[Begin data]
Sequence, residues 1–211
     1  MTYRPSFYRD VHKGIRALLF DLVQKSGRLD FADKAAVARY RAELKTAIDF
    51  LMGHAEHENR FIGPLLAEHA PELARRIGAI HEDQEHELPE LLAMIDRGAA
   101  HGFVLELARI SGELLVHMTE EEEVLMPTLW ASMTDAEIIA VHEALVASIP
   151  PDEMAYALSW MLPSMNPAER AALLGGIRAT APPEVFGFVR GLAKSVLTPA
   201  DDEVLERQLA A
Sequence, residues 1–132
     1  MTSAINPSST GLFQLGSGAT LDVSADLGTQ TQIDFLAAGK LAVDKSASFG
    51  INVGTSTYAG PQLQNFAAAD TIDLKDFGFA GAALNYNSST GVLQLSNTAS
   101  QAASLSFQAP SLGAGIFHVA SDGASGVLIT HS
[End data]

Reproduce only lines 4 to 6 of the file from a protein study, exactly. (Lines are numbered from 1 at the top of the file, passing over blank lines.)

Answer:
   101  HGFVLELARI SGELLVHMTE EEEVLMPTLW ASMTDAEIIA VHEALVASIP
   151  PDEMAYALSW MLPSMNPAER AALLGGIRAT APPEVFGFVR GLAKSVLTPA
   201  DDEVLERQLA A